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http://puu.sh/54hzk.png is the question at hand.

Can someone explain this to me? Is this just knowledge of the matrix transformations such as reflections and shears? What order are the transformations done in?

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It depends on what you mean by order. In general, matrices are not commutative, so when you are transforming some vector by $ABC$, then $ABC\vec{v} \neq ACB \vec{v}$ and so on. You should apply this transformation strictly as $ABC\vec{v}$. However, matrices are associative, so once you have the matrix multiplication set up, you can multiply adjacent matrices in pairs. For example, $ABC = (AB)C = A(BC)$.

The matrices do not correspond to the image -- they transform any vector in $\mathbb{R}^2$ into another vector. You can represent the points on the house by vectors, thus allowing you to "apply ABC to the house". For example, I might choose the point on the top right corner of the house, which is the vector $$\left( \begin{array}{c} 1 \\ 1.5 \\ \end{array} \right)$$ To find where that point of the house ends up after applying the transformation, I would multiply: $$\left( \begin{array}{c} x \\ y \\ \end{array} \right) = ABC\left( \begin{array}{c} 1 \\ 1.5 \\ \end{array} \right)$$

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Here's a hint/rough sketch of how to apply $C$ that should give you an idea about what to do to complete the problem. My suggestion would be to not multiply the matrices together. Try to describe in words what each matrix does to a vector $v$ in the plane. Each of these matrices does a very specific and easy to describe thing to vectors in the plane. For example, for any real numbers $x$ and $y$

$$ \begin{pmatrix}1 & 1\\ 0 & 1\end{pmatrix}\begin{pmatrix}x\\ y\end{pmatrix} = \begin{pmatrix}x+y \\ y\end{pmatrix}. $$

So if we think of the vector $(x,y)^T$ as the point $(x,y)$ in the $xy$-plane in the usual manner, then you can visualize $C$ as taking the point $(x,y)$ and moving it horizontally (i.e., in the $x$ direction) by $y$ units. (Note: Here the notation $(x,y)^T$ denotes the transpose of $(x,y)$ for convenience, i.e., $(x,y)^T = \begin{pmatrix}x\\y\end{pmatrix}$.)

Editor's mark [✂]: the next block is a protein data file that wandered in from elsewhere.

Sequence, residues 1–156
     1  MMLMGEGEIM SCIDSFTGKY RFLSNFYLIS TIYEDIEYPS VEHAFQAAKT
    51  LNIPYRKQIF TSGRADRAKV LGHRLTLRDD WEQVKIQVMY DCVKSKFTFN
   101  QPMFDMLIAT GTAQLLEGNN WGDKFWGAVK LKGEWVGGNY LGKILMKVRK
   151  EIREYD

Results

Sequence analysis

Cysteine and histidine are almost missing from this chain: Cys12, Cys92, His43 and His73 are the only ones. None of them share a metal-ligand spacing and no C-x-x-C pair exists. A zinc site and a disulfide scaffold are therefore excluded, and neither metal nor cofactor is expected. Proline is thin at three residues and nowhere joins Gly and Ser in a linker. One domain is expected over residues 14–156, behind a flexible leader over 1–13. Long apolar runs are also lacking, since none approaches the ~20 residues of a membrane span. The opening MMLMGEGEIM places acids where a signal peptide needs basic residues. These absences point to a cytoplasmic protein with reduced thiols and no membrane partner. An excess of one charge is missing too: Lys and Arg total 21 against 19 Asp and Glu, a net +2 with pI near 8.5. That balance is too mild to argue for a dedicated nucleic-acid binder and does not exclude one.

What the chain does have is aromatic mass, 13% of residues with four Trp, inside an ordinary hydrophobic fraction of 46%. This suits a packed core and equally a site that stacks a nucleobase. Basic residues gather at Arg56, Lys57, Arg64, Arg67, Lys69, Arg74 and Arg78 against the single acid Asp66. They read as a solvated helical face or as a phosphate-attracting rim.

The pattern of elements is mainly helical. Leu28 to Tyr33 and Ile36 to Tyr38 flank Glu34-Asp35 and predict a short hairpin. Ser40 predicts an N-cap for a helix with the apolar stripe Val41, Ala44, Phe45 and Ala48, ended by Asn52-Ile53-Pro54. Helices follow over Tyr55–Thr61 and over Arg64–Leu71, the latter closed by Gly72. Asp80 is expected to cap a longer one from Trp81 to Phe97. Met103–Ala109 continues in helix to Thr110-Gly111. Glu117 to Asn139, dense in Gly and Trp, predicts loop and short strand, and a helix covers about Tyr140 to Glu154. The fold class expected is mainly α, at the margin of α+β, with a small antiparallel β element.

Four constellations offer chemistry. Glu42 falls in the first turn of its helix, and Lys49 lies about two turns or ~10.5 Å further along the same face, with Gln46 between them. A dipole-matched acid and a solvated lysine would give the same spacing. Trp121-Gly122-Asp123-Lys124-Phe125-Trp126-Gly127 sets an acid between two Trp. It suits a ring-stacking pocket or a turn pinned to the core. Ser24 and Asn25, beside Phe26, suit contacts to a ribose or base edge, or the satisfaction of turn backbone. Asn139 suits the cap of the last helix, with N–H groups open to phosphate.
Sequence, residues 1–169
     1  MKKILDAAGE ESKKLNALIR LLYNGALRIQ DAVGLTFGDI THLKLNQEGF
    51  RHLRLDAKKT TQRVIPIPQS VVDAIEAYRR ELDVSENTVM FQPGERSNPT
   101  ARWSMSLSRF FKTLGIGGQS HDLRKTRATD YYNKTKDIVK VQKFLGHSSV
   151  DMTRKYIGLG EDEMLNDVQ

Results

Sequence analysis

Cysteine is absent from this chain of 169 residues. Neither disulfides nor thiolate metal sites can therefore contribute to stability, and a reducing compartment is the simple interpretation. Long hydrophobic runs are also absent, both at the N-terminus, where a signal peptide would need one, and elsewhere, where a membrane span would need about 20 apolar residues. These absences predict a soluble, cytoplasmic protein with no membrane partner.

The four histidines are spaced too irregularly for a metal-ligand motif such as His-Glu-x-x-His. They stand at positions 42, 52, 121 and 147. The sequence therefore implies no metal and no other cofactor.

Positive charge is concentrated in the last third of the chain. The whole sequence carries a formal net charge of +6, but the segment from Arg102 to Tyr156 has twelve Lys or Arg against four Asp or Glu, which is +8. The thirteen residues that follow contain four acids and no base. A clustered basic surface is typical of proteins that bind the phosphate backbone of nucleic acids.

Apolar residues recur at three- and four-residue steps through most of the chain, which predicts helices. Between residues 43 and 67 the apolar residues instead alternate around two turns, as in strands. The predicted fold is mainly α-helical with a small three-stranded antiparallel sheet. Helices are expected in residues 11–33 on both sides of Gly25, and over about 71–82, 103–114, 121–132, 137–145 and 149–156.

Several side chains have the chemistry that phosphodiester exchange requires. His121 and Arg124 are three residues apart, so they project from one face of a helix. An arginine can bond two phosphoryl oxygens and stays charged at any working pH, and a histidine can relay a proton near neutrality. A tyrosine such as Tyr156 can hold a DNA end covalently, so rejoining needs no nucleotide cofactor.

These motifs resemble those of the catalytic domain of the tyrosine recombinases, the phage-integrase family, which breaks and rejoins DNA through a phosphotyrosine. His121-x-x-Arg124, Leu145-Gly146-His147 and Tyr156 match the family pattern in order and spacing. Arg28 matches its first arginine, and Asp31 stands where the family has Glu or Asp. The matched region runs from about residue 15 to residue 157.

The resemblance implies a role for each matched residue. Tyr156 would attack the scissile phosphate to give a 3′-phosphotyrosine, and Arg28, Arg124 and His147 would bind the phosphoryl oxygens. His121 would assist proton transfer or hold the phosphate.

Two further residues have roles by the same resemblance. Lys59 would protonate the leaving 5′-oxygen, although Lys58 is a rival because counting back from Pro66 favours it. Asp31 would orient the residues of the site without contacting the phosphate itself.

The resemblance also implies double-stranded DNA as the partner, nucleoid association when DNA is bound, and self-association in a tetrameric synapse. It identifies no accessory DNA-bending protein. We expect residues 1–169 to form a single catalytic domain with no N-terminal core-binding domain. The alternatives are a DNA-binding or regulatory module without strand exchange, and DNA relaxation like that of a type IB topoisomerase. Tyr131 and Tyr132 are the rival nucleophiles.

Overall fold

Now think about what this does to the points on the house from your picture. If you can't imagine what this looks like yet, that's OK. It will help to plot the points $C(x,y)^T$ in a plane where, say, you first only look at points $(x,y)$ that are the corners of the polygons in your figure (the corners of the house and door, the vertices of the triangle forming the roof, etc.). You can then get what the image of the house should look like by "connecting the dots". Note from what we saw above, the larger the $y$-value of the point $(x,y)$ the farther to the right its image $C(x,y)^T$ will be shifted. So you should expect the image of the house under $C$ to look similar to your current house but leaning to the right.

Once you have that settled, move on to the next matrix $B$ and consider what it does to the house. Again, my suggestion would be to first look at what $B$ does to an arbitrary vector $v = (x,y)^T$ and then apply this information to the problem.

You can do all of this for the matrix $ABC$ after multiplying the three matrices together, too, but it's harder to visualize how $ABC$ transforms vectors than it is to visualize how $A$, $B$, and $C$ do so separately.


Edit: Forgot to respond to your second question (about the order in which you multiply the matrices together). Matrix multiplication is associative but not commutative. In other words, for any $n \times n$ matrices $X$, $Y$, and $Z$ $$ X(YZ) = (XY)Z\qquad\qquad\text{(Associativity)}, $$ and so you can compute $XYZ$ by first computing $XY$ and then right multiplying by $Z$ or by first computing $YZ$ and then left multiplying by $X$. However, matrix multiplication not being commutative means that sometimes $$ XY \neq YX. $$ So you couldn't, for example, compute $ABC$ by computing $AC$ and then right multiplying by $B$, since it's not necessarily true that $ACB = ABC$.

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